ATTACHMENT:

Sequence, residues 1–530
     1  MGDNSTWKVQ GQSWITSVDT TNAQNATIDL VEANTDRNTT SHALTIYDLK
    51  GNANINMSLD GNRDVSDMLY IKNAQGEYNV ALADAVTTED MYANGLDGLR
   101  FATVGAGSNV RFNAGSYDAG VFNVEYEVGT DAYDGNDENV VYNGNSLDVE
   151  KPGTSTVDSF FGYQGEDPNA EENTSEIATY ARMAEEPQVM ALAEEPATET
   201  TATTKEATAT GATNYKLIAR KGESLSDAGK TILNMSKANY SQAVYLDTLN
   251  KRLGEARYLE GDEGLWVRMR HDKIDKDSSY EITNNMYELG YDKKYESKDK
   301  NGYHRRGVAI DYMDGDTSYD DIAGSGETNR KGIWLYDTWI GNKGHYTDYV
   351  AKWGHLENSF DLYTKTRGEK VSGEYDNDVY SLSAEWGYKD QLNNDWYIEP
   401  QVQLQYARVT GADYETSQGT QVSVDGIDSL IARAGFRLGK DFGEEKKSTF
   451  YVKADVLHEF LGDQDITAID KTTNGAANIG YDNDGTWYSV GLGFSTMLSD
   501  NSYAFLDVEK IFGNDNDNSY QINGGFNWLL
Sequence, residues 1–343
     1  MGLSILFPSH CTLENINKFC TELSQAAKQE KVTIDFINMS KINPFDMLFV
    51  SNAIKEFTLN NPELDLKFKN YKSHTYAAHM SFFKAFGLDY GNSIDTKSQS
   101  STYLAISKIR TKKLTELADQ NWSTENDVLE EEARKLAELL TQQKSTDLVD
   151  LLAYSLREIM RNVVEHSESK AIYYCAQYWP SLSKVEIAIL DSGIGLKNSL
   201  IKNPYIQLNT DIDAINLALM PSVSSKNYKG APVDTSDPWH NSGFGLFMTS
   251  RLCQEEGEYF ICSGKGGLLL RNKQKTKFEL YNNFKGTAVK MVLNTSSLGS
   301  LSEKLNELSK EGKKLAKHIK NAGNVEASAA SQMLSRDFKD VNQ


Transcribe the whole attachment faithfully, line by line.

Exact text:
Sequence, residues 1–530
     1  MGDNSTWKVQ GQSWITSVDT TNAQNATIDL VEANTDRNTT SHALTIYDLK
    51  GNANINMSLD GNRDVSDMLY IKNAQGEYNV ALADAVTTED MYANGLDGLR
   101  FATVGAGSNV RFNAGSYDAG VFNVEYEVGT DAYDGNDENV VYNGNSLDVE
   151  KPGTSTVDSF FGYQGEDPNA EENTSEIATY ARMAEEPQVM ALAEEPATET
   201  TATTKEATAT GATNYKLIAR KGESLSDAGK TILNMSKANY SQAVYLDTLN
   251  KRLGEARYLE GDEGLWVRMR HDKIDKDSSY EITNNMYELG YDKKYESKDK
   301  NGYHRRGVAI DYMDGDTSYD DIAGSGETNR KGIWLYDTWI GNKGHYTDYV
   351  AKWGHLENSF DLYTKTRGEK VSGEYDNDVY SLSAEWGYKD QLNNDWYIEP
   401  QVQLQYARVT GADYETSQGT QVSVDGIDSL IARAGFRLGK DFGEEKKSTF
   451  YVKADVLHEF LGDQDITAID KTTNGAANIG YDNDGTWYSV GLGFSTMLSD
   501  NSYAFLDVEK IFGNDNDNSY QINGGFNWLL
Sequence, residues 1–343
     1  MGLSILFPSH CTLENINKFC TELSQAAKQE KVTIDFINMS KINPFDMLFV
    51  SNAIKEFTLN NPELDLKFKN YKSHTYAAHM SFFKAFGLDY GNSIDTKSQS
   101  STYLAISKIR TKKLTELADQ NWSTENDVLE EEARKLAELL TQQKSTDLVD
   151  LLAYSLREIM RNVVEHSESK AIYYCAQYWP SLSKVEIAIL DSGIGLKNSL
   201  IKNPYIQLNT DIDAINLALM PSVSSKNYKG APVDTSDPWH NSGFGLFMTS
   251  RLCQEEGEYF ICSGKGGLLL RNKQKTKFEL YNNFKGTAVK MVLNTSSLGS
   301  LSEKLNELSK EGKKLAKHIK NAGNVEASAA SQMLSRDFKD VNQ